Kakao IPO

Black Desert Online

Speaking of Black Desert Online’s performance, we need to talk about Kakao Games, the publisher of BDO in the west. They’re preparing an IPO on the KOSDAQ in Korea. If it passes the screening required, it will most likely go public by the end of this year. According to Samsung Securities, Kakao is worth an estimated $1.4 billion. In addition to BDO, they’re also responsible for publishing PUBG in Korea and developing mobile games.

 

NCSoft Q1

All of NCSoft’s games are down this quarter with the exception of Aion. Guild Wars 2, the company’s most popular game in the west saw a massive, though entirely expected drop. Q4 2017 is where all the revenue for the game’s last expansion Path of Fire was at, so while there was a 32% drop quarter on quarter, year on year there was actually a 66% increase.

During the investor call, NCSoft admitted that Blade & Soul II for mobile has been delayed until 2019 because it didn’t meet expectations. It has a new team and a redesign which is the same thing they did for Lineage Eternal.

 

Nexon Q1

Finally, we’re at the last quarterly report that has been released as of this moment, Nexon. Much like many of the companies already mentioned in this article, Nexon has a strong showing this quarter with $827 million in revenue. That’s up 21% year on year. One thing that really makes them stand out from other companies is that most of its business, 84% of it in fact, was on PC. The vast majority of Nexon’s earnings came from China (67%) and Korea (22%) while North America accounted for just 4%. Later on this year in the west we can expect to see Durango, Maplestory 2, Maplestory M, and Final Fantasy XI mobile.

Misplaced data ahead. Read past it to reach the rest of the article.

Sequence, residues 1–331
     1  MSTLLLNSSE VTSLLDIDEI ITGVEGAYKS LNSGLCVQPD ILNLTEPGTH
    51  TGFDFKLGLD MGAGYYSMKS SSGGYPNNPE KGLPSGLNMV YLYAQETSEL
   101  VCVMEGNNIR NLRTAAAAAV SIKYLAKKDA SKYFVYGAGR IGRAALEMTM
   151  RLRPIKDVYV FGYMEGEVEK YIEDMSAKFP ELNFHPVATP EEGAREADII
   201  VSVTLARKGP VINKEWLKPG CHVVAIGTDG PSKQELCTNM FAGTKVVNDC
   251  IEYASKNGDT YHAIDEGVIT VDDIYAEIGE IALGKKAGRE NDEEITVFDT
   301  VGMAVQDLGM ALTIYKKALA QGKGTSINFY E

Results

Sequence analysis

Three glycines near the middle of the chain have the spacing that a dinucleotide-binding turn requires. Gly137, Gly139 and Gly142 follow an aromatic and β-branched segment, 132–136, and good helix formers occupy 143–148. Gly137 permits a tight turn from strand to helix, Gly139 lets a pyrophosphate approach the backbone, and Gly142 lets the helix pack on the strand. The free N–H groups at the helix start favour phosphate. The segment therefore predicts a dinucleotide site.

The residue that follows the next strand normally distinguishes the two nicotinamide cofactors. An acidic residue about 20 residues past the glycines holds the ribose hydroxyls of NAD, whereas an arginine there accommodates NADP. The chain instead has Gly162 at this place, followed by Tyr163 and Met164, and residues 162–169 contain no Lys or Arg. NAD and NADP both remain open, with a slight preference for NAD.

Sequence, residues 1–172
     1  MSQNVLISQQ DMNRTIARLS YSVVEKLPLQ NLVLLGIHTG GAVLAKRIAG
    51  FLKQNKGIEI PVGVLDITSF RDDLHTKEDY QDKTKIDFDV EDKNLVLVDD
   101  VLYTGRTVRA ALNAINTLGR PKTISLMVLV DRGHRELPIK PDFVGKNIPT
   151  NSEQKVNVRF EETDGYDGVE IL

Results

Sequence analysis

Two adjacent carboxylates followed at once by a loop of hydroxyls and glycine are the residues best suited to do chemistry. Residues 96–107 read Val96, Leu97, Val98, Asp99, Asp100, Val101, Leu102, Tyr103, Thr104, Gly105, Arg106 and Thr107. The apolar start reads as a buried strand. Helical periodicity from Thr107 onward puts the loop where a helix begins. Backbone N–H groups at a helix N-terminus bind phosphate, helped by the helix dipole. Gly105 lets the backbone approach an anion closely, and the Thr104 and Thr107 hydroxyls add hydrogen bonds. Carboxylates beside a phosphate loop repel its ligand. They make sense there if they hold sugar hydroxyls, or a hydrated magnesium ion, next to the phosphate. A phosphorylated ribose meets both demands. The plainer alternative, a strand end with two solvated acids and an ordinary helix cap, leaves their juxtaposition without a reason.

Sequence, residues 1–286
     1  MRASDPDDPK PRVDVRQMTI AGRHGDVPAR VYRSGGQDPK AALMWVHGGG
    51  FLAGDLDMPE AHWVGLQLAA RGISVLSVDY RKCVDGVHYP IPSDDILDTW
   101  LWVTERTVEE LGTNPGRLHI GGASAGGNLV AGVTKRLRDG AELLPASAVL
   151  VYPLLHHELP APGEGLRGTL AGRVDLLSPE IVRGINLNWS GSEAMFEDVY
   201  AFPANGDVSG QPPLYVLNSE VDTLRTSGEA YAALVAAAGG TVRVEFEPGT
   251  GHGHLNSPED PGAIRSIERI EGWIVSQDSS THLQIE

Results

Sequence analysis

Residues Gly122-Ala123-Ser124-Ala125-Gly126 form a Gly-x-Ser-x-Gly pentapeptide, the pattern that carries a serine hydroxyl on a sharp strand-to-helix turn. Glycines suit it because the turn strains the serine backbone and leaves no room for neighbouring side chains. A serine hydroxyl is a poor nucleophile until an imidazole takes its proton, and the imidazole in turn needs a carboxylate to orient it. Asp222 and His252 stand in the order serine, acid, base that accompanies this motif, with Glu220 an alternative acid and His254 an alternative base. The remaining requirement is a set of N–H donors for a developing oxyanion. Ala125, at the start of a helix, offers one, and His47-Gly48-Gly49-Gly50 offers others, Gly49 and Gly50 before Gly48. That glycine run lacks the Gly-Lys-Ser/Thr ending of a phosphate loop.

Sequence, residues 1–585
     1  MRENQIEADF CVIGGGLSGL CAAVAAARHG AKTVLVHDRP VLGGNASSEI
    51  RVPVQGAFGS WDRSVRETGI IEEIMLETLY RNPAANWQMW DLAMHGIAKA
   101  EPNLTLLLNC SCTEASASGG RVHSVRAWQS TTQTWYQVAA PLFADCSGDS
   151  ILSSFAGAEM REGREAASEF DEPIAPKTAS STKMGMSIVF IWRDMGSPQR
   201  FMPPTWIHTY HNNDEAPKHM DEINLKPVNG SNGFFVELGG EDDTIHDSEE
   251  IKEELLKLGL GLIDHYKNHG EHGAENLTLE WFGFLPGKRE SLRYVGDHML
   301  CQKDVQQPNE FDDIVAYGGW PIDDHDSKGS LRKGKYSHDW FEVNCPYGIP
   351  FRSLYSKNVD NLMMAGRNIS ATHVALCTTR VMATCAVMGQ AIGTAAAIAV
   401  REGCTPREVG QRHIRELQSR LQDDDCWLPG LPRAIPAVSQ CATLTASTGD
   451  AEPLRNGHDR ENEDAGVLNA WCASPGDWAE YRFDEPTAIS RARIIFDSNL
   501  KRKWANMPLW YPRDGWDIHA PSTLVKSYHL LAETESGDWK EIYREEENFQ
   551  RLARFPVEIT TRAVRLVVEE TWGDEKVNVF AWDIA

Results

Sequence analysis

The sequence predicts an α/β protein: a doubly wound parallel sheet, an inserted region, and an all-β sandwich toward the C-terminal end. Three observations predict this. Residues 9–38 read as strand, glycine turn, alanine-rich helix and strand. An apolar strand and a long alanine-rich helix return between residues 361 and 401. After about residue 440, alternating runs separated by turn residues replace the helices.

Esports

You can expect to see esports betting blossom thanks to a ruling by the US Supreme Court. They effectively overturned the 1992 Professional and Amateur Sports Protection Act which banned sports betting in all but a few states. The Supreme Court ruled that PAPSA violated the Tenth Amendment. What does this mean for esports betting? It means we’re going to see it a whole lot more. DraftKings have already got plans to move into betting for sports and esports.

In other esports news Quarterback Inc. has raised 2.5 million dollars in its initial seed funding round. The funding will go towards continued development and growth of Quarterback’s esports gaming platform. The seed round was back by Bitkraft Esports, Crest Capital Ventures, Deep Space Ventures, and UpWest Labs.

 

Lootboxes

Finally, we end this article as we always do with a look at what has been going on around the lootbox controversy in the last two weeks. The biggest news has been that the Belgian Gaming Commission released their full report on the controversy. The report itself is 25 pages long and in English, if you want to give it a read, but the most important thing to take from it is that they recommend criminal prosecution being initiated. Another recommendation that they give is age verification and banning the sale of games featuring loot boxes to minors. Wow.